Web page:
Prince, who is the brother of former U.S. Education secretary Betsy DeVos and grew up in west Michigan, told the Journal it would cost more if people needed his aid in getting out of their homes and to the airport with the Taliban in control of the country.
The article, which described the scramble underway by both American forces and private rescue operations to evacuate Afghans, U.S. citizens and others ahead of an Aug. 31 withdrawal of U.S. troops from that country, said it was unclear whether Prince, who founded the military security firm formerly known as Blackwater was capable of carrying out such rescue missions and flights.Blackwater CEO and founder Erik Prince.
The White House criticized any attempts for private actors to make money off the evacuations, with Press Secretary Jen Psaki noting Wednesday the Biden administration is evacuating tens of thousands of people free of charge.
“We wouldn’t be supportive of profiting off of people who are desperate to get out of the country,” she said.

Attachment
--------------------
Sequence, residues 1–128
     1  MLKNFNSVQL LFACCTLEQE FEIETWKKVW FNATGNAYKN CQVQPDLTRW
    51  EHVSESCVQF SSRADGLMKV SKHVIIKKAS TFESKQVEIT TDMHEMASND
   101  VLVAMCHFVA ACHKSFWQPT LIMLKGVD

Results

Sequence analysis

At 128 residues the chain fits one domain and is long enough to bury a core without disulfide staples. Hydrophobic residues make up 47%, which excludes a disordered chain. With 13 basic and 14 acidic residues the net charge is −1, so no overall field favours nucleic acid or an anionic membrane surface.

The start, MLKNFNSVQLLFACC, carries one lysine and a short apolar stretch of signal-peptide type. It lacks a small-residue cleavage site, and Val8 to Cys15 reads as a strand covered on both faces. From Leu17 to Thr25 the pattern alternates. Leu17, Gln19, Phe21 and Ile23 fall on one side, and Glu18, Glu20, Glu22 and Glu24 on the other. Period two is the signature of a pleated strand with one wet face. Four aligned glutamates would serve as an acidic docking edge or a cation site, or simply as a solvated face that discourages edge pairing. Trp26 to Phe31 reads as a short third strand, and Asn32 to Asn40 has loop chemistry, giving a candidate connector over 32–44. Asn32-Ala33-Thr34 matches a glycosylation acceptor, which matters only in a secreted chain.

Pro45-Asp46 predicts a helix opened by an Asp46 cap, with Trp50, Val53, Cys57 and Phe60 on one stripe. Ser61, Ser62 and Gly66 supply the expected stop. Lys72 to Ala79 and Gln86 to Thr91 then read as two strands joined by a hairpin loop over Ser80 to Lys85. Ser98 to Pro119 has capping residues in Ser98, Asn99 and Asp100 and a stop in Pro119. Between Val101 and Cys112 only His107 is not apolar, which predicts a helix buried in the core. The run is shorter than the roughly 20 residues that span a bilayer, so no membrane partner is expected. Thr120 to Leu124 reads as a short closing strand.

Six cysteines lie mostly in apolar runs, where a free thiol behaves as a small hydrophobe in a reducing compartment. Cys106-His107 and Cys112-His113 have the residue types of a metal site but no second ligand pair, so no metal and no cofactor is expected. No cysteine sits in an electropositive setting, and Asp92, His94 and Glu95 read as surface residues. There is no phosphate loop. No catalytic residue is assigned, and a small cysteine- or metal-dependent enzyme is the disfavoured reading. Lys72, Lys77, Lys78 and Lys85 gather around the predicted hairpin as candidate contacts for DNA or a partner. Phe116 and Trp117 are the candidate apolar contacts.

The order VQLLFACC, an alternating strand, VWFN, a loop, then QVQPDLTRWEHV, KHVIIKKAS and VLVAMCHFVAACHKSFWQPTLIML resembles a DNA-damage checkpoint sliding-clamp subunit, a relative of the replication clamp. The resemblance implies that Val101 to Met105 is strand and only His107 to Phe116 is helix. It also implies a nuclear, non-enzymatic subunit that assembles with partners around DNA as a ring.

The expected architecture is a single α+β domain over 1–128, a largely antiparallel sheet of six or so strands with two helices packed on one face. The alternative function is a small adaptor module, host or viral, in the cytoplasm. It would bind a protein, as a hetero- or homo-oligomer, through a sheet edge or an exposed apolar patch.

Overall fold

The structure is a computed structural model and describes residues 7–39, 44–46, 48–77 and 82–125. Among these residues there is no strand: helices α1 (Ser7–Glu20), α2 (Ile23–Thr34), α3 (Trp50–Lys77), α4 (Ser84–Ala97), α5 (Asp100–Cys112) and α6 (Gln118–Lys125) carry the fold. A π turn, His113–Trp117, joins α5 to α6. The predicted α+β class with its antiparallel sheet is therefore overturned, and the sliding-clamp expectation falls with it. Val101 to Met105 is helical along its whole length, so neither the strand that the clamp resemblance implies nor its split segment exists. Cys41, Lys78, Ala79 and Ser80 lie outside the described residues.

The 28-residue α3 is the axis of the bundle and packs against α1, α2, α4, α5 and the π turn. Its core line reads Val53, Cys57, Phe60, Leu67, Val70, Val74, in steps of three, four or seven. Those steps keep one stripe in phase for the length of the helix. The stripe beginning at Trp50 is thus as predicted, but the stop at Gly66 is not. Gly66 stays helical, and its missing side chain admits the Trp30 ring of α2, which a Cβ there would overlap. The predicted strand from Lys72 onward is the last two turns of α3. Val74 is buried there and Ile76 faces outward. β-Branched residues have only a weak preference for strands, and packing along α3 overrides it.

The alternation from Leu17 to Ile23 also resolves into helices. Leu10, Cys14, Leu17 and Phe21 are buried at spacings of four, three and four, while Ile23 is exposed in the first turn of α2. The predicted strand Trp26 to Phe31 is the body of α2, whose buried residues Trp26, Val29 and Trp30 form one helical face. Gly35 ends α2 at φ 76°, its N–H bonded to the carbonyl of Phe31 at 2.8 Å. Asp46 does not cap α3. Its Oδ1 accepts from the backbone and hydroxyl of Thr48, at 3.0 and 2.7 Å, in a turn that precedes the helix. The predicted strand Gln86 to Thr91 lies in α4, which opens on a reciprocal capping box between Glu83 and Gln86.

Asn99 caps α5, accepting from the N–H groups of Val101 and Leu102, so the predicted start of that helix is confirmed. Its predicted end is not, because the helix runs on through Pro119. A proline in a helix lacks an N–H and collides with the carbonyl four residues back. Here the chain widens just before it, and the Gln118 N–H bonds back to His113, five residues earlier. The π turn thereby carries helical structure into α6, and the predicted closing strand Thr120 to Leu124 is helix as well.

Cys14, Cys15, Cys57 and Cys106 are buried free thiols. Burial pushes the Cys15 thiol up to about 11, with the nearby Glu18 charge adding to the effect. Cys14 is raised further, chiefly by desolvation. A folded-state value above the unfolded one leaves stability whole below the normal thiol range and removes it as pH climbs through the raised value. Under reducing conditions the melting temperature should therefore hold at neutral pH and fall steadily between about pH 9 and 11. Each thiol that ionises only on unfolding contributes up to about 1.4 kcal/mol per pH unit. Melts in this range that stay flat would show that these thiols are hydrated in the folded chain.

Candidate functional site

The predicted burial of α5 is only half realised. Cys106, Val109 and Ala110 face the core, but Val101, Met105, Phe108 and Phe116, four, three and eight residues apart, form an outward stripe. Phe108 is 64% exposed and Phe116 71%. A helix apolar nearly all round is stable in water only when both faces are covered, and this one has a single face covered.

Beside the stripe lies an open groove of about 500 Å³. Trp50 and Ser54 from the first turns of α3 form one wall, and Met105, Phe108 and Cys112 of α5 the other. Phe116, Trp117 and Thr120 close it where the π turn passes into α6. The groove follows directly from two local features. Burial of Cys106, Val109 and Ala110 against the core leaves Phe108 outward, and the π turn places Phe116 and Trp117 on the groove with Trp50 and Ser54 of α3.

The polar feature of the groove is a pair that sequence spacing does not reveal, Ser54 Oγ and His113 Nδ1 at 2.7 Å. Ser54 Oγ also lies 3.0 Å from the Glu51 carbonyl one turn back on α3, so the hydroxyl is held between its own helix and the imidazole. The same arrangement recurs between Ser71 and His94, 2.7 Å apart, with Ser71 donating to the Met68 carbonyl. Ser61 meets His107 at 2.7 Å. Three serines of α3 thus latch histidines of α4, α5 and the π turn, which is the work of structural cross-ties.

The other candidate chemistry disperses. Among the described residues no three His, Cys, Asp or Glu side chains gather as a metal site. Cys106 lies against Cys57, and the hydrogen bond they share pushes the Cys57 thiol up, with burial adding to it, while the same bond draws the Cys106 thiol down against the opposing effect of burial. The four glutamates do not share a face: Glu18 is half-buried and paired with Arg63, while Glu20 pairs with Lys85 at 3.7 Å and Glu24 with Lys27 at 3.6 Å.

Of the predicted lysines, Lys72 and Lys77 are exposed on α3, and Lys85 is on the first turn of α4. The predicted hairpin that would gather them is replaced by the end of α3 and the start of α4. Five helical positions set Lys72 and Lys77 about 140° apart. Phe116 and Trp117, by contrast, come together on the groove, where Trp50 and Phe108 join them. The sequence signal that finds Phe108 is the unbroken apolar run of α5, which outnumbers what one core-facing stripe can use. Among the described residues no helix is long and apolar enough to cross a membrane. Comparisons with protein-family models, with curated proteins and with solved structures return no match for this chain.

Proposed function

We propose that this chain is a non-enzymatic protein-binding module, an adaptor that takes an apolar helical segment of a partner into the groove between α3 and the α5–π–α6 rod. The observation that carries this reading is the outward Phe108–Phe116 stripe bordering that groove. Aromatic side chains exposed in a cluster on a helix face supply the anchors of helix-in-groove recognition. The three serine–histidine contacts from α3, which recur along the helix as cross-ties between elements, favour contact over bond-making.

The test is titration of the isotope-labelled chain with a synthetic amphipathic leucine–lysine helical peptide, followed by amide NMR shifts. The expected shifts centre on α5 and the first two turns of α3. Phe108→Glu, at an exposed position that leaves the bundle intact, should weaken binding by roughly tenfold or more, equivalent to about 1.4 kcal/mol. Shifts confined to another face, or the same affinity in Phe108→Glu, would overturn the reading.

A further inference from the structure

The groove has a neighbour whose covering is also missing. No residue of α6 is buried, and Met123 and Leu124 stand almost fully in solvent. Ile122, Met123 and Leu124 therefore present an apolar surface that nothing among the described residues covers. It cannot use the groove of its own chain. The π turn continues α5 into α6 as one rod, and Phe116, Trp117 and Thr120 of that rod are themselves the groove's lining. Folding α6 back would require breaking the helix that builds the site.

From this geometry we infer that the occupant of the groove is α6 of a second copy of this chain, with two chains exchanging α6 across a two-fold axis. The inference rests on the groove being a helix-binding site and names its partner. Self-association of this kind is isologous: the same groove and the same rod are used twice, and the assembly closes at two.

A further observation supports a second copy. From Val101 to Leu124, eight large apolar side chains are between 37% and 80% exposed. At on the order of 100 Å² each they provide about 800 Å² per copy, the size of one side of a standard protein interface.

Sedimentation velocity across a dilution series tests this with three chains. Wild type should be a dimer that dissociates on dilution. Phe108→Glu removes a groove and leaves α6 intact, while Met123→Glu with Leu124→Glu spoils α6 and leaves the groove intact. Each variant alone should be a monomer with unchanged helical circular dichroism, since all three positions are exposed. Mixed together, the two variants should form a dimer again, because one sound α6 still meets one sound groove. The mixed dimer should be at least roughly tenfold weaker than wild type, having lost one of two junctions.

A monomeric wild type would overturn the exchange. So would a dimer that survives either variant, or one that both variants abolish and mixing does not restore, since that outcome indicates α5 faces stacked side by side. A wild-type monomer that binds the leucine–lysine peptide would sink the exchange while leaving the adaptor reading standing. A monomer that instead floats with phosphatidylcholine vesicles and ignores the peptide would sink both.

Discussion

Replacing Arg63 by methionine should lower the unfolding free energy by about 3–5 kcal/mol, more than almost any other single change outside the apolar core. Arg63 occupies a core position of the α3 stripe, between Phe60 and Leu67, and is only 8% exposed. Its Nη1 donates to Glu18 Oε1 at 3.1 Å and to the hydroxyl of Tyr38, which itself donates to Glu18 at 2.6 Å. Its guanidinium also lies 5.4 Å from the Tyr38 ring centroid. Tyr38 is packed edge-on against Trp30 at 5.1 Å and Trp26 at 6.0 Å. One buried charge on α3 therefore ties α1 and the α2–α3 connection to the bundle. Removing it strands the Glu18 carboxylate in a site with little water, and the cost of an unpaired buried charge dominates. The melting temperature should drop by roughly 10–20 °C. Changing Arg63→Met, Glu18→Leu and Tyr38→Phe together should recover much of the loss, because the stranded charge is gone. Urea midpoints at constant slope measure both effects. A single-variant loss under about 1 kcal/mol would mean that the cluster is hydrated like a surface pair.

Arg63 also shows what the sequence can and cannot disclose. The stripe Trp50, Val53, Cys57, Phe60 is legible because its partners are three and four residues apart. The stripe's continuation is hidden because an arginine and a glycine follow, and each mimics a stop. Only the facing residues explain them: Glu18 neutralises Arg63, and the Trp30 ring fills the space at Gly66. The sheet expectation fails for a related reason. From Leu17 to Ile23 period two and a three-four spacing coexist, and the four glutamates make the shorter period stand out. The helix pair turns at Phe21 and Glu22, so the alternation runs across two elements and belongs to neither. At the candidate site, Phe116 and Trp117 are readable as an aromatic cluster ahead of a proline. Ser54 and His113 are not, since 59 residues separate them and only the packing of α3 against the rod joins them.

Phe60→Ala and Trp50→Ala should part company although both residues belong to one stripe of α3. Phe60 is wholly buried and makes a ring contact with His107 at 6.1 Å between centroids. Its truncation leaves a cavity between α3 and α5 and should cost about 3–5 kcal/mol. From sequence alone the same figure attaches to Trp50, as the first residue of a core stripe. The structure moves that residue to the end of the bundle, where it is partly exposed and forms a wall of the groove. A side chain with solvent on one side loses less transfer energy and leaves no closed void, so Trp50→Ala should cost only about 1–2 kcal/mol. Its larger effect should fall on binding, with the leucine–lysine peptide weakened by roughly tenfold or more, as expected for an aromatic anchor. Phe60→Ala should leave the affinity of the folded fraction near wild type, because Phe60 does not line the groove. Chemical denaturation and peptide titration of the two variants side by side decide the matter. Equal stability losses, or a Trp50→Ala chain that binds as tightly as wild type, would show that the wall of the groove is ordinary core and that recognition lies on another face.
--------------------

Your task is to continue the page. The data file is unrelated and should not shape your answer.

Prince has been involved in controversies before, including during the Iraq War when Blackwater security forces killed more than a dozen Iraqi citizens in Baghdad. Four years ago, President Donald Trump advisers brought prince in to look at ways of using contractors to conduct military operations in Afghanistan rather than using additional troops.
Prince was also mentioned in the report into Russian meddling in the 2016 Presidential election and its aftermath by Special Counsel Robert Mueller for a meeting Prince had with a Russian financier with ties to Vladimir Putin just before Trump took office. The report indicated that an acquaintance of both the Russian financier and Prince told Prince that there was a desire to build a link with the new administration.
Prince told congressional investigators the meeting was a random one.
The latest issue comes just after criticism was leveled at another west Michigander, U.S. Rep. Peter Meijer, R-Grand Rapids, following an unauthorized trip to Kabul on Tuesday with another congressman, U.S. Rep. Seth Moulton, D-Mass. It is not known how Meijer and Moulton got into Afghanistan, though they departed on a military aircraft, the Pentagon confirmed Wednesday.